ACA’s journal, Arms Control Today, remains the best in the market. Well focused. Solidly researched. Prudent.

– Hans Blix,
former IAEA Director-General

DOE Requests Funds for Plutonium Disposal
Share this

Christine Kucia

Asking for a $312 million increase in its nonproliferation spending, the Department of Energy released its budget request for fiscal year 2004 on February 3. Most of the new funds would be used to begin construction on a controversial mixed-oxide (MOX) fuel fabrication plant to dispose of U.S. weapons-grade plutonium.

Of the $1.3 billion requested for the department’s nuclear nonproliferation activities, $609.4 million would go toward U.S. surplus fissile material disposition, according to budget documents released by the agency. Of that amount, $415.6 million will support construction of a facility at the Savannah River Site in South Carolina intended to convert 34 metric tons of U.S. plutonium into MOX fuel. Previous years’ appropriations supported design studies for the facility, and funds in the fiscal year 2004 budget will be used to complete the design phase and begin building the plant.

The Bush administration’s controversial plan for disposing of U.S. stocks of plutonium, which will fulfill U.S. obligations under an agreement negotiated with Russia in June 2000, accounts for 83 percent of the rise in the department’s proposed nonproliferation spending. Critics contend that MOX fuel fabrication is a more costly route than the alternative, plutonium immobilization, and poses a greater proliferation risk. (See ACT, January/February 2003.)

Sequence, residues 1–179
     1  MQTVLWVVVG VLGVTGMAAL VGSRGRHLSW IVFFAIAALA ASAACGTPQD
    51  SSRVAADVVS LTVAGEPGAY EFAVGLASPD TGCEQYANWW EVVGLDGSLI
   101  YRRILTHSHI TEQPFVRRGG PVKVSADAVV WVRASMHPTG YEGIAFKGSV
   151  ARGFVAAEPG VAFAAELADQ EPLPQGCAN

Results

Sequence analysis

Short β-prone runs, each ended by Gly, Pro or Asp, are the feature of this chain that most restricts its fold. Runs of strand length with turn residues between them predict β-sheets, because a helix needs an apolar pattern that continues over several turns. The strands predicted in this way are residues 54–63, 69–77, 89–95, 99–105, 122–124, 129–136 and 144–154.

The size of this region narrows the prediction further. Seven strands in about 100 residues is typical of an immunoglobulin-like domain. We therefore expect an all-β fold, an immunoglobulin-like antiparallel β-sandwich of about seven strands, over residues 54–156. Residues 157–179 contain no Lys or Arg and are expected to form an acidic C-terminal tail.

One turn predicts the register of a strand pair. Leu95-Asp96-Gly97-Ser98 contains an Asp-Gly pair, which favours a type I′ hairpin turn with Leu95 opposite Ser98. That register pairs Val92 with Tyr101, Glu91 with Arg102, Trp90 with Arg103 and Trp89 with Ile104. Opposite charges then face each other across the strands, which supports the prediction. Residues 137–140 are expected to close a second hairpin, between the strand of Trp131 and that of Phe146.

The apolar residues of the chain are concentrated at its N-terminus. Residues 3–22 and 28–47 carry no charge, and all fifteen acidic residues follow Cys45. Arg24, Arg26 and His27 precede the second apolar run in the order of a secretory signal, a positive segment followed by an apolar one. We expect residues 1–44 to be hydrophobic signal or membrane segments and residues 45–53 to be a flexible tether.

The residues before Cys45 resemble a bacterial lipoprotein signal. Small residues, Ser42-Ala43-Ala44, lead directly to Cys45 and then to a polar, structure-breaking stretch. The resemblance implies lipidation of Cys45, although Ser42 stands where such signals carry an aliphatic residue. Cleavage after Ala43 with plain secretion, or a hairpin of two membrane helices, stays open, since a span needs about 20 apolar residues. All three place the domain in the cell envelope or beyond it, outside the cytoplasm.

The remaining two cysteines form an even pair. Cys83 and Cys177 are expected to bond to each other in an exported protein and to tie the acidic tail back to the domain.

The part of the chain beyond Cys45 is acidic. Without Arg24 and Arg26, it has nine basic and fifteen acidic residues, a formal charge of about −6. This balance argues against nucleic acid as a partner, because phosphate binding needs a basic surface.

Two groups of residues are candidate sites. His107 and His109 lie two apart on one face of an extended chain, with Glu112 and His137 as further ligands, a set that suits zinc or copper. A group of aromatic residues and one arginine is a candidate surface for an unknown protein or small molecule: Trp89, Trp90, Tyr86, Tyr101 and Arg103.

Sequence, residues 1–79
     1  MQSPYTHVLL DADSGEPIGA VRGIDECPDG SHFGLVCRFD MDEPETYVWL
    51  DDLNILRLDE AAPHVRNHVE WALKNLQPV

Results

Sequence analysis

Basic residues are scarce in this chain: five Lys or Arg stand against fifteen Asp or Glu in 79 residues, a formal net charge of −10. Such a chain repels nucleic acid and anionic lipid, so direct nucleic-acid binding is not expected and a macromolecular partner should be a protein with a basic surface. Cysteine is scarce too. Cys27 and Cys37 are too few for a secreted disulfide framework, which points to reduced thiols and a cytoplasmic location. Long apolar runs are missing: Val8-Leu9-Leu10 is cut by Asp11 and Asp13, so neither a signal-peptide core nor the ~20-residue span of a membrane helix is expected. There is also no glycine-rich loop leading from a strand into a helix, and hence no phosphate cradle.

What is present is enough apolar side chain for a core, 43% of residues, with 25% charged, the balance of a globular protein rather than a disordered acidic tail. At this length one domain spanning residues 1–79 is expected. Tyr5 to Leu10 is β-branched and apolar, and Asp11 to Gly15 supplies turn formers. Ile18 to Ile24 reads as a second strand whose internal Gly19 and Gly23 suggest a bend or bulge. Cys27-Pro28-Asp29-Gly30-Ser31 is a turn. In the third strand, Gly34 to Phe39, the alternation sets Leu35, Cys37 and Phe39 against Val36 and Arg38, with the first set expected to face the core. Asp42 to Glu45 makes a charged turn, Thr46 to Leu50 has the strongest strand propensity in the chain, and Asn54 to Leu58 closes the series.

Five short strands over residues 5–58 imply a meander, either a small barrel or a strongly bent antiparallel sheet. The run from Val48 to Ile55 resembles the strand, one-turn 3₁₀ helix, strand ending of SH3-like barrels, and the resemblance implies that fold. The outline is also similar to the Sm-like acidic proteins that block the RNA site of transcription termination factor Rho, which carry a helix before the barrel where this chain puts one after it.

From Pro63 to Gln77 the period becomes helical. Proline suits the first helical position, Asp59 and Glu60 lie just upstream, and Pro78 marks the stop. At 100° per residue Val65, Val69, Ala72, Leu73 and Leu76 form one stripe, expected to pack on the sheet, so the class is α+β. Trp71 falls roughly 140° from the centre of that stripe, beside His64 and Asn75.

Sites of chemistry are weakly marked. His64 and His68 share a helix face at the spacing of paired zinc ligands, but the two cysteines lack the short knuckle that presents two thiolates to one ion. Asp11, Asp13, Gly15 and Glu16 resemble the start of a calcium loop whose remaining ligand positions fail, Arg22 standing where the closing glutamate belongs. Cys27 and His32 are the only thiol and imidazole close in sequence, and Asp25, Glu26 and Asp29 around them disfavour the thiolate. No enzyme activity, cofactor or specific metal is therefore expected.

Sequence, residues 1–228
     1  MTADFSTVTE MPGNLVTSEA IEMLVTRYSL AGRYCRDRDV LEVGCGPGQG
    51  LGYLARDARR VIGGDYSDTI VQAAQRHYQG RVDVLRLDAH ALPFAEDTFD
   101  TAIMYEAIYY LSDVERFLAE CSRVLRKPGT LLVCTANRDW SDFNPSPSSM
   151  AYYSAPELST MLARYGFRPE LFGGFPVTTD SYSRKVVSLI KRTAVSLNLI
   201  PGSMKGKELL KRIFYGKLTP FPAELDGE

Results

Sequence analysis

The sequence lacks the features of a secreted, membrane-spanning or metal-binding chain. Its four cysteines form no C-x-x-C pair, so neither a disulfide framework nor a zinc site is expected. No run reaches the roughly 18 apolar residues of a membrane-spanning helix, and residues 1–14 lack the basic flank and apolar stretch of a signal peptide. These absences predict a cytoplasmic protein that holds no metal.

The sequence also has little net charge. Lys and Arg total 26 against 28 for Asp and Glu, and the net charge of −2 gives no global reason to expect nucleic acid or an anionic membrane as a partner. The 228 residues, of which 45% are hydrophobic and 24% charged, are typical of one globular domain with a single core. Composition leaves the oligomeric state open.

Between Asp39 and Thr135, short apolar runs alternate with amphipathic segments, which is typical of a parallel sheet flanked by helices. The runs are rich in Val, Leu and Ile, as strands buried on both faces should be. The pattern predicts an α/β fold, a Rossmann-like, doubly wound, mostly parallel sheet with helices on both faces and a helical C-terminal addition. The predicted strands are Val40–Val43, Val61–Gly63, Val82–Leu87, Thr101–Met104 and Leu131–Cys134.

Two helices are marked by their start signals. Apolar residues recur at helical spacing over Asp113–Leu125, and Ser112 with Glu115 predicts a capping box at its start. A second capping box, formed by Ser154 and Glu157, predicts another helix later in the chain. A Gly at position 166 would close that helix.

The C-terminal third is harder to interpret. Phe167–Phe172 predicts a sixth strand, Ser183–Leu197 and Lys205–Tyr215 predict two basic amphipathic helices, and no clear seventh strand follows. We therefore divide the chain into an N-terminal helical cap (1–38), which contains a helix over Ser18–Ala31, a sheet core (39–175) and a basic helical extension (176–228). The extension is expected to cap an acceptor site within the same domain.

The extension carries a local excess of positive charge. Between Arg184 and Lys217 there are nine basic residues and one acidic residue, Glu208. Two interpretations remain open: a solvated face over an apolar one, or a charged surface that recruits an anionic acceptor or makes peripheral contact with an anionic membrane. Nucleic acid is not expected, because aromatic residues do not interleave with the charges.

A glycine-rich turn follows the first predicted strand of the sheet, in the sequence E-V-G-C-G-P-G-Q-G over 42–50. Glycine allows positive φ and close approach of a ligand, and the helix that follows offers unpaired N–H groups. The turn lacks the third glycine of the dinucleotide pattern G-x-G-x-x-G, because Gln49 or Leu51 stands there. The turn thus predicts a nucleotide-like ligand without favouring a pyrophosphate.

The proposed budget also includes funding for the Accelerated Materials Disposition initiative. That program stems from an agreement between Presidents George W. Bush and Vladimir Putin in May 2002 which stipulated that the United States will increase assistance to Russia to help it dispose of more fissile material. The $30 million requested for the program in fiscal year 2004 will allow the United States government to purchase more highly enriched uranium from Russia and support the conversion of more highly enriched uranium into low-enriched uranium. Converting research and test reactors in Russia to use low-enriched uranium is also a priority under the program.

International safeguards would also receive a substantial boost under the Energy Department’s fiscal year 2004 budget. The proposed budget includes $15.7 million in funding to help strengthen the International Atomic Energy Agency’s role in developing and enforcing mechanisms to combat proliferation and terrorism with weapons of mass destruction—a 56 percent request from its fiscal year 2003 request of less than $9.9 million.

The remainder of the Energy Department’s nonproliferation budget—which was drafted and presented to Congress prior to the finalization of the department’s fiscal year 2003 funding—closely follows the pattern of spending in the previous year.

The Department of Energy’s nonproliferation program is the largest component of U.S. nonproliferation efforts, which also include programs in the Defense and State Departments. The State Department’s fiscal year 2004 budget request includes a 133 percent jump in funding to $35 million for the Nonproliferation and Disarmament Fund, which helps to halt proliferation of advanced conventional weapons, weapons of mass destruction, and related materials and technologies.

Posted: March 1, 2003